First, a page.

Transport for London (TfL) is planning a £2.4m investment to replace over 10,000 traffic light bulbs with low energy light emitting diodes (LEDs).

The move is aimed at reducing annual energy costs and traffic light maintenance costs as the LEDs last 10 times longer than the light bulbs currently in use. TFL believes that nearly £200,000 of annual energy costs could be saved by LEDs usage.

Nearly 300 junctions have been earmarked for LED fittings. This amounts to 3,500 traffic lights with each signal head containing at least three bulbs.

The department has invited bids from interested companies for the work.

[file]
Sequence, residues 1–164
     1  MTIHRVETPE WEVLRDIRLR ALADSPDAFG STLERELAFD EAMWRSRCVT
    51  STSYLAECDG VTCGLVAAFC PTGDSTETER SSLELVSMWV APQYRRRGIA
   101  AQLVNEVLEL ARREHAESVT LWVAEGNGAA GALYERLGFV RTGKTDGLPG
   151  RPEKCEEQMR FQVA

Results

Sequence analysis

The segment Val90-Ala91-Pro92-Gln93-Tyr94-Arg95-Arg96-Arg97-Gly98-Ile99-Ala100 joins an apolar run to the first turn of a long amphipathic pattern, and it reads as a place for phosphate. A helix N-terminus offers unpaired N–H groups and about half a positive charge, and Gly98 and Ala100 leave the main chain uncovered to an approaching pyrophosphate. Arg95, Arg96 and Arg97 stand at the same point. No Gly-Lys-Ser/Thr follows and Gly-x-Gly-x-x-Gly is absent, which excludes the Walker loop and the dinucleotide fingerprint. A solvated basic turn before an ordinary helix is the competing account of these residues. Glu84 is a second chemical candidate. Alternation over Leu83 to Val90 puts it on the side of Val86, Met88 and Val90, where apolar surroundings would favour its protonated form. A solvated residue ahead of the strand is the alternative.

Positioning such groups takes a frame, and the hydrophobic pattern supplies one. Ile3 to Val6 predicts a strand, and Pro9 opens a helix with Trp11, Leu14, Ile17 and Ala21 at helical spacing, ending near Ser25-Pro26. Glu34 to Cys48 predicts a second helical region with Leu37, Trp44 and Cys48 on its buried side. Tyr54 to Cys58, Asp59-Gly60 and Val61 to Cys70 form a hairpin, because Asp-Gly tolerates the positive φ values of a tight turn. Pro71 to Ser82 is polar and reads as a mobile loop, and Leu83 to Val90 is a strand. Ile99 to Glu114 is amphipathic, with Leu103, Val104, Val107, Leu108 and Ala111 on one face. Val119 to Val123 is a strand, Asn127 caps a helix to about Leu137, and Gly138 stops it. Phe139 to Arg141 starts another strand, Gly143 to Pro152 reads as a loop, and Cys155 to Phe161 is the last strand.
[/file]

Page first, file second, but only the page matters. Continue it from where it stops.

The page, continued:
The LED technology has already been trialled in Croydon between January 2007 and August 2008 with good results.

The light replacement is part of the city government’s plans to cut the city’s CO2 emissions by 60% by 2025. It is expected that LED installments in all of the city’s 6,500 junctions with traffic signals will cut CO2 emissions by nearly 12,000 tons a year.

LEDs have already been installed at all London bus roadside ticket machines and 3,500 solar powered bus stops.